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Are humans better at being nice?

9
CKoerner (WMF) (talkcontribs)

"the increasing use of automated and semi-automated edit-review tools has brought about an increase in rejection"

Do we know how the language used within these tools impacts the response from new editors? An automated tool written with language that is friendly and welcoming compared to something that sounds cold or (too) severe might actually impact the response from editors. One potential approach is a non-technical one. Re-write the dialog/interface/messaging of a tool and see if there is any impact to retention of editors who encountered that tool.

JMatazzoni (WMF) (talkcontribs)

@CKoerner (WMF), it's a good point, and one that has been mentioned by a number of the users we've interviewed so far. What I get stuck on when I think about that issue, though, is that if I understand correctly how a lot of this works, the messages posted by programs like Twinkle or Huggle were actually written by the community. On en. wiki, they're codified on the Wiki Project User Warnings, and simply sucked in by the programs.

So if the community wrote those messages, what would the process be for re-evaluating them?

Trizek (WMF) (talkcontribs)

If we have data about how new users feel when they read these messages and how unclear they can be, that can convince people from wikis to rewrite these messages. On wikis where the community is active on outreaching (like Catalan, French and Polish Wikipedias), based on feedback received from IRL workshops, messages have been rewritten to be more warm and with clearer instructions.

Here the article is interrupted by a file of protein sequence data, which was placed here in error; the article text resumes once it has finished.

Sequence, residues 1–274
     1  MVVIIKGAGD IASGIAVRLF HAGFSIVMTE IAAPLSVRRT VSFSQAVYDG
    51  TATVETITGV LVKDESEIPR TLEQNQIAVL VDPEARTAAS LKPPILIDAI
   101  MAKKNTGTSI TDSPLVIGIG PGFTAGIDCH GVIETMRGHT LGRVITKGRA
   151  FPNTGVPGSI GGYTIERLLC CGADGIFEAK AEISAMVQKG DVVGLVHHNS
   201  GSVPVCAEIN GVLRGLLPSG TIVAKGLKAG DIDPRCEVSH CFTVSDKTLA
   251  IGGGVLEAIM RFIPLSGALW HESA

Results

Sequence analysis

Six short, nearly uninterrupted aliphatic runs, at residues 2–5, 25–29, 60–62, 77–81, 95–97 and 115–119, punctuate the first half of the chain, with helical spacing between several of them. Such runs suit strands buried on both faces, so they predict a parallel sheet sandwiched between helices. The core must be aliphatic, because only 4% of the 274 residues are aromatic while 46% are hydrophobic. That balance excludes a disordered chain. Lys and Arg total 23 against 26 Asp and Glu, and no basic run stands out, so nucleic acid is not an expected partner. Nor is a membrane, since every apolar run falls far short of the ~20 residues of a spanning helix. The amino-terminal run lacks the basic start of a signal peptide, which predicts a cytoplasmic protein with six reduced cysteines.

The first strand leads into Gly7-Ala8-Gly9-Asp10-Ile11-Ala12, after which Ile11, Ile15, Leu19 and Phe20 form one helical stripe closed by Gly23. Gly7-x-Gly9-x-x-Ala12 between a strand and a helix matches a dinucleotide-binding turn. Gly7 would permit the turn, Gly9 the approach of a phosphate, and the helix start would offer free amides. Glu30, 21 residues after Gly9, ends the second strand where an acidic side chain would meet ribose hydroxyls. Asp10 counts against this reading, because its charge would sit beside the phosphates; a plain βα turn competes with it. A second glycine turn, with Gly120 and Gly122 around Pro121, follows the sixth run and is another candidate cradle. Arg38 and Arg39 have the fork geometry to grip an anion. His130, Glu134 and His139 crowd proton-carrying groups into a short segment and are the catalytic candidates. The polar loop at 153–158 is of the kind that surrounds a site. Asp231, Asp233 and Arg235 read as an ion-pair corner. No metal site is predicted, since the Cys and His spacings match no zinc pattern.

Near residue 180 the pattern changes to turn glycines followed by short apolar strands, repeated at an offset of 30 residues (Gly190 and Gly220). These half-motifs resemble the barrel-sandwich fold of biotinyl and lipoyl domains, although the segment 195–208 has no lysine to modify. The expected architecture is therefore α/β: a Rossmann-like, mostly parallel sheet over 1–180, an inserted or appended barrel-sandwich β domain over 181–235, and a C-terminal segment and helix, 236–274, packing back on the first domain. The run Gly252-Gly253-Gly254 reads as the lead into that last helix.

CKoerner (WMF) (talkcontribs)

@Trizek (WMF) beat me to it. In past lives the organization I worked for would seek out folks with skills in writing to help update the messages. We'd also do some sort of testing (A/B testing, surveys, in-person workshops) with actual people to get feedback on how they perceive the messaging.

Trizek (WMF) (talkcontribs)

IIRC the study, there is two things which impact new users:

  • automated messages (the content of the message)
  • number of messages (delivered like if whey were delivered by a machine gun)

Rewrite that kind of messages is a way we may explore, or, at least, give recommandations to people. As a volunteer, that's something I care about - a lot.

Kudpung (talkcontribs)

There have been several initiatives by the volunteer community in recent years to recast the template messages in order to make them less seemingly offensive. I was part of tat work group. This was the result of extensive study. I suggest that any discussion on the wording of template messages should involve the volunteer community who have the best hands-on and empirical experience.

CKoerner (WMF) (talkcontribs)

If you have any links to share it would be greatly appreciated!

Kudpung (talkcontribs)

Sadly I wouldn't know where to start looking. I know that @DGG was in the same work group. Maybe he can remember. The main point of my mentioning this of course, is that the experienced members of the volunteer community know what works best. As an admin and as a patroller who patrolls the work of our patrollers I regularly see how our best templates are abused by being used on the wrong editors for the wrong reasons, it's something I care about very much. Hence the problem on en.Wiki is not the templates - it's the fact that there is currently no control over who can use them.

Trizek (WMF) (talkcontribs)

I have that, from the French Wikipedia Projet Aide et accueil.

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